Regards Jimmy
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  #5  
Old 23 Dec 2009
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Can't you find someone to drive it back for you?

If I had the time, I'd be willing to drive it back because like yourself I could never afford to drive it there and back again.

When do you think you'll finish your trip?
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  #6  
Old 24 Dec 2009
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Can you even enter China with a foreign vehicle?
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  #7  
Old 24 Dec 2009
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Arrow

China, Laos, Cambodia and Thailand don't normally use the carnet. (Some people had theirs stamped anyway, but that's a different story.) None of them stamp anything about your car into your passport, so leaving without the vehicle is not a problem. Been there, done that.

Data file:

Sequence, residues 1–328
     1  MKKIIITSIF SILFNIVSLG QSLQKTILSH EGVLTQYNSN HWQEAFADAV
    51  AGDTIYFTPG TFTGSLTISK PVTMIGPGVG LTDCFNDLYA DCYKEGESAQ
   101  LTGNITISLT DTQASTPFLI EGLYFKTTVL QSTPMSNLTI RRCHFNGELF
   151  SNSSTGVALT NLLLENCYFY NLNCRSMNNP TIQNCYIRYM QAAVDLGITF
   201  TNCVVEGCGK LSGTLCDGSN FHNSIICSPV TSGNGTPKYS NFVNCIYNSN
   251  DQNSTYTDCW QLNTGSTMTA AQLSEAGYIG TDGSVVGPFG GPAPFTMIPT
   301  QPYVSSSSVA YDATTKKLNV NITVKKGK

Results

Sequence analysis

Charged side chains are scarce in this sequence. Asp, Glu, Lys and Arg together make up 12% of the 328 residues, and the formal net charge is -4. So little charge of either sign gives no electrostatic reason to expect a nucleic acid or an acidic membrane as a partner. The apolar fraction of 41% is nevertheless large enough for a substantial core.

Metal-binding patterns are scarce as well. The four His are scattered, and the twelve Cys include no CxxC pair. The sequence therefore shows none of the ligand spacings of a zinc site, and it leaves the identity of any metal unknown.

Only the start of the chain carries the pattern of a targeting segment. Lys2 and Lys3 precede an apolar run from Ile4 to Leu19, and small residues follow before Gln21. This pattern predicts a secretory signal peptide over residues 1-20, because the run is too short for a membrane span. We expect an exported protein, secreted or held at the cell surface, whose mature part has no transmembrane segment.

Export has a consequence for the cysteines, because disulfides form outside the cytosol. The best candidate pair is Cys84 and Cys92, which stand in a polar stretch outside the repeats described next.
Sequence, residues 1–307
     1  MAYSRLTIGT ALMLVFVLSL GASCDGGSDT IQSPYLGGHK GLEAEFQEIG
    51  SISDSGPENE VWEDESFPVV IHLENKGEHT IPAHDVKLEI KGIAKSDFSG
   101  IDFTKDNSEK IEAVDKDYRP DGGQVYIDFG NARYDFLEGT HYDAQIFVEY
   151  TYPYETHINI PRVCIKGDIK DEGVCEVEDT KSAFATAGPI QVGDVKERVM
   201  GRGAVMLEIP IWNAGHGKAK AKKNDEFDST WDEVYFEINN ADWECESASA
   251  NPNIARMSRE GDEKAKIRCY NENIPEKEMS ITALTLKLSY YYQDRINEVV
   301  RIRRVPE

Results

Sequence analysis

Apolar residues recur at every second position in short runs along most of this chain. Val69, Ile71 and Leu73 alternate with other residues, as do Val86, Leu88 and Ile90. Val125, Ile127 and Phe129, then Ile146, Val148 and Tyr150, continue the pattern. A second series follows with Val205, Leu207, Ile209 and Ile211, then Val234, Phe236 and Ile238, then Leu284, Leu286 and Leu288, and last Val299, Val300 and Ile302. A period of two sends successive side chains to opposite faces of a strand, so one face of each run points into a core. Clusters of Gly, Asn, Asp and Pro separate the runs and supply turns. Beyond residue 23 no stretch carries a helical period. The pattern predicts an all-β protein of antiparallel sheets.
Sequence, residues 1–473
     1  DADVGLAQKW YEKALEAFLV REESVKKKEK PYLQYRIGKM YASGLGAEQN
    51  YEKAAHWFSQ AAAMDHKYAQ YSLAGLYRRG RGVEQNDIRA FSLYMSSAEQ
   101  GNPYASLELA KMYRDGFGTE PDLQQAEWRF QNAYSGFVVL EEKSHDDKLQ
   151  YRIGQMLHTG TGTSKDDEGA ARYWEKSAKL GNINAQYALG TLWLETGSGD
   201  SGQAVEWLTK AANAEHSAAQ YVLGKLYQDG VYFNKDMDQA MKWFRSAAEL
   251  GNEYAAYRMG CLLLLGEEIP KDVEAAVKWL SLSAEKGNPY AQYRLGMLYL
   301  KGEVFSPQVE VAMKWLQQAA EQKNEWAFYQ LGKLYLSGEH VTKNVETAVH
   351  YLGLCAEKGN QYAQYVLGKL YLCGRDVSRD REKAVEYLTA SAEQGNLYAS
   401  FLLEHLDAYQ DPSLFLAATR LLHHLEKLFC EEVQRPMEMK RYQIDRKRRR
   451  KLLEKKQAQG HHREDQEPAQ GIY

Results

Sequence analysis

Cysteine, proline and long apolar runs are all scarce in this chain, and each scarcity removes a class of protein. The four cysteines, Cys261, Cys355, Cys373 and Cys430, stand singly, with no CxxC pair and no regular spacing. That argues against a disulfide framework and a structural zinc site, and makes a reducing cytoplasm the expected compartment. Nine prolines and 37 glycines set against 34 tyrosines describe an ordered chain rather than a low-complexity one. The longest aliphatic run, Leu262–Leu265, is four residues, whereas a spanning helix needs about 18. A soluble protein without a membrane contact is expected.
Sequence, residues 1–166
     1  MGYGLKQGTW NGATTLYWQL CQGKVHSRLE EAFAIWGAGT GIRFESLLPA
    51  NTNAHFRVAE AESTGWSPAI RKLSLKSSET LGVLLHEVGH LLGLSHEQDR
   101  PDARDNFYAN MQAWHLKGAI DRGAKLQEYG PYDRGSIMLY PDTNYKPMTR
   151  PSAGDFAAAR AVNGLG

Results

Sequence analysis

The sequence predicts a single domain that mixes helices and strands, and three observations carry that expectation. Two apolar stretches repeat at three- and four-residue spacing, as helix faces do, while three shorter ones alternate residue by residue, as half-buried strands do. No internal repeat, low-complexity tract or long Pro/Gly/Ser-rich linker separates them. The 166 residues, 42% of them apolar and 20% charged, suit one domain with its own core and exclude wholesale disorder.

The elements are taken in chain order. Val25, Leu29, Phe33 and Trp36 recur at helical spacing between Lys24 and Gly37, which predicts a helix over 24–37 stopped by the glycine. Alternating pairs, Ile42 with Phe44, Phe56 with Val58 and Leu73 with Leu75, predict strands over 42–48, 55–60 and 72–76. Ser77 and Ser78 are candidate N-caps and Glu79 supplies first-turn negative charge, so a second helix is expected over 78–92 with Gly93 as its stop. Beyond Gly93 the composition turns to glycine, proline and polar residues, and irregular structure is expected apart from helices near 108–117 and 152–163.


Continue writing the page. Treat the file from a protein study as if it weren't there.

So, you could try to enter Thailand as suggested, meaning you won't have a temp. import permit. You could then try to sell the car (for parts, maybe, if it's a model common enough there).

You can also legally leave the car with customs, i.e. donating it to them as a write-off. Even with a carnet this should be possible, as long as they stamp it out.

You can also drive into Malaysia without any paperwork, using one of the smaller border crossings. (Done that.) You could then either sell it for parts or abandon it.

Better still, there are lots of Burmese refugees eeking out a living in Thailand. Leave it with them. They even recycled my old helmet that I left by a rubbish bin.